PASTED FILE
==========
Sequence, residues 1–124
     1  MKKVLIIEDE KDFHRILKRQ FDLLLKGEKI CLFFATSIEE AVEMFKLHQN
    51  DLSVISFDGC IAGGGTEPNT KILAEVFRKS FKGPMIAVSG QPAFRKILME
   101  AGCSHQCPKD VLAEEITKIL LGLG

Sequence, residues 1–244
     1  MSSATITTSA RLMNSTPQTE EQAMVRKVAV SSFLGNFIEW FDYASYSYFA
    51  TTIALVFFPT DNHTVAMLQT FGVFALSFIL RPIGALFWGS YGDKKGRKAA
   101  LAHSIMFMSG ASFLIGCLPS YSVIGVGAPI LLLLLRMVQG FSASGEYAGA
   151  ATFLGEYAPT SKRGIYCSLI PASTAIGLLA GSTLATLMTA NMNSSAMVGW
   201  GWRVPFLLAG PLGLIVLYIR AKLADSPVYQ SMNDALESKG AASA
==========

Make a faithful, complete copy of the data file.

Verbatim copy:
Sequence, residues 1–124
     1  MKKVLIIEDE KDFHRILKRQ FDLLLKGEKI CLFFATSIEE AVEMFKLHQN
    51  DLSVISFDGC IAGGGTEPNT KILAEVFRKS FKGPMIAVSG QPAFRKILME
   101  AGCSHQCPKD VLAEEITKIL LGLG

Sequence, residues 1–244
     1  MSSATITTSA RLMNSTPQTE EQAMVRKVAV SSFLGNFIEW FDYASYSYFA
    51  TTIALVFFPT DNHTVAMLQT FGVFALSFIL RPIGALFWGS YGDKKGRKAA
   101  LAHSIMFMSG ASFLIGCLPS YSVIGVGAPI LLLLLRMVQG FSASGEYAGA
   151  ATFLGEYAPT SKRGIYCSLI PASTAIGLLA GSTLATLMTA NMNSSAMVGW
   201  GWRVPFLLAG PLGLIVLYIR AKLADSPVYQ SMNDALESKG AASA